Licensing changes ahead: Impact of the Broadcom-VMware acquisition on customers

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The acquisition of VMware by Broadcom, announced in May 2022, presents significant implications for current and future customers of the virtualization software company. As is often the case with major changes among major suppliers, the effects of this acquisition can be broadly categorized into two groups: those who anticipate and plan for the changes and those who take no action and allow themselves to be affected by them. The latter group may find themselves paying a premium for products and services that are identical to those of their peers.

Given the current developments at VMware, it is crucial for customers to evaluate their current and projected expenditures and devise a plan accordingly to capitalize on the changes rather than falling victim to them. The following analysis will examine the changes taking place at VMware, as well as the potential opportunities that may arise from them.

The Broadcom acquisition, valued at $61 billion in cash and stock and including the assumption of nearly $8 billion in debt, raises concerns among VMware customers due to the lack of apparent synergies between the two companies. Broadcom’s acquisition appears to be driven by the goal of bolstering its software division with the $8.5 billion generated by VMware, which will triple the size of Broadcom’s software unit upon completion of the acquisition. This acquisition strategy has been characterized by Broadcom CEO Hock E. Tan’s history of identifying companies with strong links to large corporations’ information technology infrastructure, cutting costs, and maximizing product value through cross-selling and upselling. This approach may not reassure current VMware customers as they plan for their future IT supply chain requirements.

In a blog post addressing customer concerns, Mr. Tan stated that the business case for the transaction is focused on the business model, increasing R&D, and executing so that customers see the value of the full portfolio of innovative product offerings rather than increasing prices. He further stated that following the close of the transaction, Broadcom will invest in and innovate VMware’s products to sell more of them and grow the VMware business within enterprises, deepening and expanding the footprint rather than potentially raising prices. However, some industry analysts have expressed skepticism about this assertion, noting that “deepening and expanding the footprint” can often mean leveraging other products and services in a way that promotes and incentivizes purchases that may not be desired or needed and that potential price increases are a likely outcome.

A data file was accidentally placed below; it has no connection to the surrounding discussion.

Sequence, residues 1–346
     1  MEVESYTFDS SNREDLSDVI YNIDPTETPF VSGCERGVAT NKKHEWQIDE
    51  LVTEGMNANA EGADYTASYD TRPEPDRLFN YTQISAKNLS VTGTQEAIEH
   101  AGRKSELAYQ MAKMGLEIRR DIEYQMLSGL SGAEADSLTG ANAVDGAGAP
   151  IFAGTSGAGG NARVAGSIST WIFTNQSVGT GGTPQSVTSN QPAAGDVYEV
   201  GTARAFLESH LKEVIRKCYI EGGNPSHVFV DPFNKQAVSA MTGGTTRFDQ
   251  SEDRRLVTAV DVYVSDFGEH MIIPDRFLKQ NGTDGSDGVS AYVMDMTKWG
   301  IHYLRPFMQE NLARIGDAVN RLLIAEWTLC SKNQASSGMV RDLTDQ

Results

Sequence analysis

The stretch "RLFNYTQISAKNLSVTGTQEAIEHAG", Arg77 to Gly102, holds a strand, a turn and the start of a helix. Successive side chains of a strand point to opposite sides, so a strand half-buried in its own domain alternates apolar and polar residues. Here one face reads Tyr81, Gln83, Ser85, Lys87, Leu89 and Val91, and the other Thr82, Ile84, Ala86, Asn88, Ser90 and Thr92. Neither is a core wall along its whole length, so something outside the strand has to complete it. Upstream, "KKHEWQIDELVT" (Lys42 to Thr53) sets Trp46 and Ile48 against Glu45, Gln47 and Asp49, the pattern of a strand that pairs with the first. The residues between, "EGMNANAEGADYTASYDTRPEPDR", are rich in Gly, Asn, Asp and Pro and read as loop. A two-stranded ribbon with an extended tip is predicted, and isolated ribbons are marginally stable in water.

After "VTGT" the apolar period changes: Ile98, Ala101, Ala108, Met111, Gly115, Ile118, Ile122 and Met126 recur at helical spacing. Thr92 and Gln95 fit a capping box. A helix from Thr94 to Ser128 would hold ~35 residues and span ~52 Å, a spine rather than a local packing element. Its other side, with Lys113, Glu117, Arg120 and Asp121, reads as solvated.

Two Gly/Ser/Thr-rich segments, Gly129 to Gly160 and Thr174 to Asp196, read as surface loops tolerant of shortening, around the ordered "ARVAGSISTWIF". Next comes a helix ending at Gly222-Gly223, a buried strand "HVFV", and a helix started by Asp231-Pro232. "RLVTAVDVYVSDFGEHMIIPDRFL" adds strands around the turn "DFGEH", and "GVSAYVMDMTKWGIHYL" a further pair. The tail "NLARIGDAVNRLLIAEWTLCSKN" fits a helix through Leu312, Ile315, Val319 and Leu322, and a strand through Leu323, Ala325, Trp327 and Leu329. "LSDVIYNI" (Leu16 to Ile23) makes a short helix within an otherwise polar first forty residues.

Given VMware’s financial performance over the past several years, it is clear why the acquisition is appealing to Broadcom:

  • 2018: $7.68 billion
  • 2019: $9.61 billion
  • 2020: $10.8 billion
  • 2021: $11.7 billion
  • 2022: $12.8 billion

In addition to these financial considerations, customers should also be aware of the potential changes to licensing agreements that may arise as a side-effect of the acquisition. As if on cue, Tom Krause, CEO of VMware, announced on a May 2022 earnings call that there would be significant changes to licensing agreements, which could significantly impact customers’ budgets and IT infrastructure.

In light of these developments, it is recommended that customers request a link to benchmark VMware and carefully evaluate their current and projected expenditures to devise a plan that considers the potential opportunities and challenges presented by the Broadcom acquisition.

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